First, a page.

If You Don't See It, Ask

Aug. 14, 2003
The way to solve our problem and many other firms' problems was to take the panel-building responsibility in-house

Electrical panel buyers have historically found frustration and often disappointment trying to get a quality product. We've been there, and we know how it feels.

The problem continues even today, so what can be done? Who can really do this work? More importantly, who can do it well?

Electrical panel building is a very quality-oriented task. The layout is the first and foremost area of concern. The end customer is usually an electrician or controls engineer, and we find them to be very particular people--in great part because if the circuits they are responsible for don't turn out right, they look bad.

Poor quality in a panel build inevitably means costly troubleshooting. If a machine builder gets a low-bid panel into the shop, there's a good chance he'll spend a lot of time troubleshooting the panel instead of integrating the panel. This can be an expensive proposition, as sometimes it requires checking every connection of every wire. There's little choice: Failing to do so could result in damage to components or electrical shock.

Why do these problems exist? In our view, the competitive nature of business has driven the market down to the point where some companies have resorted to meeting the absolute minimum requirements of a job, period. They skimp, sometimes unknowingly, in areas that make extra work for the end user. Labels, wire markers, and other tags are actually cheap to buy and install. However, if completeness is not a part of the mindset of a company, this detail often is overlooked or avoided to allow for a fast, cost-cutter panel build.

Special machine builders demand high quality. A special machine builder who builds an electrical panel "the way he would want it" puts working quality into the heart of the panel. Machine builders ask the right questions; they buy in on the scope of work that the customer needs to see delivered to its plant. They know the customer wants the work done as if they were building it themselves.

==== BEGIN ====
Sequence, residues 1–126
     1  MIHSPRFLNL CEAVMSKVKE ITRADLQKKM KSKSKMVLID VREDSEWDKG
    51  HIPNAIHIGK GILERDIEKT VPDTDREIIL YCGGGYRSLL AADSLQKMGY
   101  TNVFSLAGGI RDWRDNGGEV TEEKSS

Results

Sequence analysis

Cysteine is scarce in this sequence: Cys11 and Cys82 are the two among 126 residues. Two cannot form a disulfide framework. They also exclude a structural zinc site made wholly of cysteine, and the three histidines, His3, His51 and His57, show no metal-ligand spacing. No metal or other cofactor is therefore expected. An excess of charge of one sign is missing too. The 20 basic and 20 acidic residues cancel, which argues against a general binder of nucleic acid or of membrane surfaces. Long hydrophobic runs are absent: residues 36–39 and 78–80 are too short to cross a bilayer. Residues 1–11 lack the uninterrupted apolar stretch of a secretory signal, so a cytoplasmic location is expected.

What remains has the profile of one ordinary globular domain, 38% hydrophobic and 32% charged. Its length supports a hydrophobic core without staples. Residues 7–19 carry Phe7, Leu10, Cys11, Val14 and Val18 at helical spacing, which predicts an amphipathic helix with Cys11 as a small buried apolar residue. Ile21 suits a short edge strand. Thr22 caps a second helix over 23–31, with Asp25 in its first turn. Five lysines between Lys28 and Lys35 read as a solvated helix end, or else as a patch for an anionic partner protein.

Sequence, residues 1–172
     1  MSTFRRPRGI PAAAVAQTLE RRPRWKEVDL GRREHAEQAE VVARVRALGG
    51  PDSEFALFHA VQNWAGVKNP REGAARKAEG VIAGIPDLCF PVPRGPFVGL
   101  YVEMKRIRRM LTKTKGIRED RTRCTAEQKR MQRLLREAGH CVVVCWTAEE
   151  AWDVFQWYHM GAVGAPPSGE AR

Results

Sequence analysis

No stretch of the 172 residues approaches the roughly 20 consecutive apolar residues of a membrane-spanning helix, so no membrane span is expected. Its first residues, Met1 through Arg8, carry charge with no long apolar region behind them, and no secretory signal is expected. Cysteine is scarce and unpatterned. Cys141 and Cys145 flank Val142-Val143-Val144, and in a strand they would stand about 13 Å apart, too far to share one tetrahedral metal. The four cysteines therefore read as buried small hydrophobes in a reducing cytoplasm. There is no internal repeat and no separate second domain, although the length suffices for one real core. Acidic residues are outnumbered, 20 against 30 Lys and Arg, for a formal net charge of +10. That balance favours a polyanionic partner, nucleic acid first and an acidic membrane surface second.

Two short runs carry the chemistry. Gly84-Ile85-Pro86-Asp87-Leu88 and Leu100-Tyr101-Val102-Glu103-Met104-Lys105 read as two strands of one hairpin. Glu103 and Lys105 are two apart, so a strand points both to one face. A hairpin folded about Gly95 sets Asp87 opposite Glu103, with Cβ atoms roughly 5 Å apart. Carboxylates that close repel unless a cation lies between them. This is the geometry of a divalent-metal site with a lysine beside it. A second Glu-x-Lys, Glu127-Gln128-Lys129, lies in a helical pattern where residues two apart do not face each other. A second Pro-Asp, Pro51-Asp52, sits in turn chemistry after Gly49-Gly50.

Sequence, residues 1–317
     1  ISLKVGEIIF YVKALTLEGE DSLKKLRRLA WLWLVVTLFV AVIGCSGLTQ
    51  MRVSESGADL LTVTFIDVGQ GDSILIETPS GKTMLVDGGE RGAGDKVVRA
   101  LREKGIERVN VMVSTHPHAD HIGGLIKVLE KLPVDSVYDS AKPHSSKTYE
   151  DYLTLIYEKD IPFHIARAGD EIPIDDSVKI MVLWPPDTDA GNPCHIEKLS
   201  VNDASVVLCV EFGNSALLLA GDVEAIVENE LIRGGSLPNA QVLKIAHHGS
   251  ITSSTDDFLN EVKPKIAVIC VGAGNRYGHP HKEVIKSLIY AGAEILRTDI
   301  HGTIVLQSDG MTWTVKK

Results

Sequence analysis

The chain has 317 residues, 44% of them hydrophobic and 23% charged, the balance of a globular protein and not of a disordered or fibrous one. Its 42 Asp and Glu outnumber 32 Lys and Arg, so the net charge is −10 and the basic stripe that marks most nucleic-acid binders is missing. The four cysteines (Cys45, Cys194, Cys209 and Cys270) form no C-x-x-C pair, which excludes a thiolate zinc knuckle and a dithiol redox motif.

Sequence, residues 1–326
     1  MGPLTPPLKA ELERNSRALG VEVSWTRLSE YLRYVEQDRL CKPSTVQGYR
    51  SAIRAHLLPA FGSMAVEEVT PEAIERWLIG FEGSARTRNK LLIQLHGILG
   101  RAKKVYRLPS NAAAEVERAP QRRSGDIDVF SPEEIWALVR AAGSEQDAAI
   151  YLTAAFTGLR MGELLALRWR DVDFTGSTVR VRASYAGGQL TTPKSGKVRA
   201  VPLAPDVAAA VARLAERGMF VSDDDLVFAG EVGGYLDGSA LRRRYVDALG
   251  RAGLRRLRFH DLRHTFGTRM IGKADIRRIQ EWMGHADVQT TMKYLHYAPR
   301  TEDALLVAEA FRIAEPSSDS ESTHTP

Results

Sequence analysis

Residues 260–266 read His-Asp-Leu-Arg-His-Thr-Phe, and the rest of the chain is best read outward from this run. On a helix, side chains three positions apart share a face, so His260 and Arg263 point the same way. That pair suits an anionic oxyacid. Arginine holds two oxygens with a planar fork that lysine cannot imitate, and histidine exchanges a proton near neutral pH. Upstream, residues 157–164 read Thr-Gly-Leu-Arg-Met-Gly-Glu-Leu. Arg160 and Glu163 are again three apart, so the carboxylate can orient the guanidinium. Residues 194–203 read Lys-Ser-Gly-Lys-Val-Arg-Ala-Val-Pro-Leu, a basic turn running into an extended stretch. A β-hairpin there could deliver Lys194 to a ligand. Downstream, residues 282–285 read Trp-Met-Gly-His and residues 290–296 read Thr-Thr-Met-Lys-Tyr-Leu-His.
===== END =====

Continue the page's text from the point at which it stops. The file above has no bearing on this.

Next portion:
Our company has been challenged with buying this commodity for years. We have gone to great lengths to request quality electrical panels for the special machinery that we manufacture. We've been in the business of designing and building special machines and equipment since 1944.

"Customers have approached us over the years, asking if we do this type of work or that," our president Ted Fiock reminded me. "One day, a customer asked if we made and installed electrical panels. My reply was, 'No, but why not?'" That was the beginning point for our now-famous motto, "If you don't see it, ask!"

That type of conversation was not uncommon to many shops. It was difficult to find a "controls house" to properly work with a machine or equipment builder and achieve integration success. We mentioned to this customer that we also had trouble finding this type of service. That's when we began to realize that our company could put together a controls-building team that would be successful in the design and build of electrical cabinets. The way to solve our problem and many other firms' problems was to take the responsibility in-house.

Did it work? That was eight years ago, and this part of our business has since blossomed.

This is not to say that machine builders have to get into--or get back into--the panel building business if they ever hope to provide high-quality and dependable electric panels for their machines.

We got into it only when we looked beyond that initial customer inquiry and recognized the value-add we could bring to new and existing customers.

Maybe the point I want to make is this: Even in a tough economic climate, with a great deal of competition all around, a customer unquestionably should be able to expect no-nonsense quality, whether it's electric panels, sensors, motors and drives, or software performance.

There are companies out there that undoubtedly learned the same lessons we have. It's attention to quality and commitment to meeting customer need--not just slipping by with the minimum--that builds loyal customer relationships and creates the reputation that attracts new customers.

Ron Rosenow is sales engineer for Andersen Tool and Engineering, Andersen, Ind. Learn more about the company by browsing to www.ateinc.com.

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